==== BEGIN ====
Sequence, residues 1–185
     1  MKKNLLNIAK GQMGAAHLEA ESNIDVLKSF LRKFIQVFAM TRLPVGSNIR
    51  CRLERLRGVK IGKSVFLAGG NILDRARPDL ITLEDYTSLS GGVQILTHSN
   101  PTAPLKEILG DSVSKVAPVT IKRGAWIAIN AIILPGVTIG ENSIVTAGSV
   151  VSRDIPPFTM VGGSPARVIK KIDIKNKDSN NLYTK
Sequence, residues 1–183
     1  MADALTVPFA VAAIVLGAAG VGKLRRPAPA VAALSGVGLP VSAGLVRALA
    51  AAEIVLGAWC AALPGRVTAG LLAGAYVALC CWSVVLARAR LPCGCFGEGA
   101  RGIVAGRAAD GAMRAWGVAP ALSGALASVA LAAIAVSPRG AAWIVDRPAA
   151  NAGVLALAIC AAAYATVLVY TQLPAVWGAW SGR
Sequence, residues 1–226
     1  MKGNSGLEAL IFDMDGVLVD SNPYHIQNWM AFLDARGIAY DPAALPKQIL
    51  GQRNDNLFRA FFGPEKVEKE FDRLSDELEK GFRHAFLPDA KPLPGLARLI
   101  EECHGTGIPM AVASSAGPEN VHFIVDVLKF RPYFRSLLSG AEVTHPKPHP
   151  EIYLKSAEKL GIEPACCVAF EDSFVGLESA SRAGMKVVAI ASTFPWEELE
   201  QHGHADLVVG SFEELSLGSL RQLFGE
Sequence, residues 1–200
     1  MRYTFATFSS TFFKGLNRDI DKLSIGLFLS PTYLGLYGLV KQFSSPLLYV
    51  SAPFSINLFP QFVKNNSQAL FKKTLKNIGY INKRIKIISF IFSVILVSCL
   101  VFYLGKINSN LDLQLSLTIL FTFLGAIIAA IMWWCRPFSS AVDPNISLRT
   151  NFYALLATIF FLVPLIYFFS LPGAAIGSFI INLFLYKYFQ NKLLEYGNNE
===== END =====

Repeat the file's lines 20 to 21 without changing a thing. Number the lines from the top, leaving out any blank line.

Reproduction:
   101  VFYLGKINSN LDLQLSLTIL FTFLGAIIAA IMWWCRPFSS AVDPNISLRT
   151  NFYALLATIF FLVPLIYFFS LPGAAIGSFI INLFLYKYFQ NKLLEYGNNE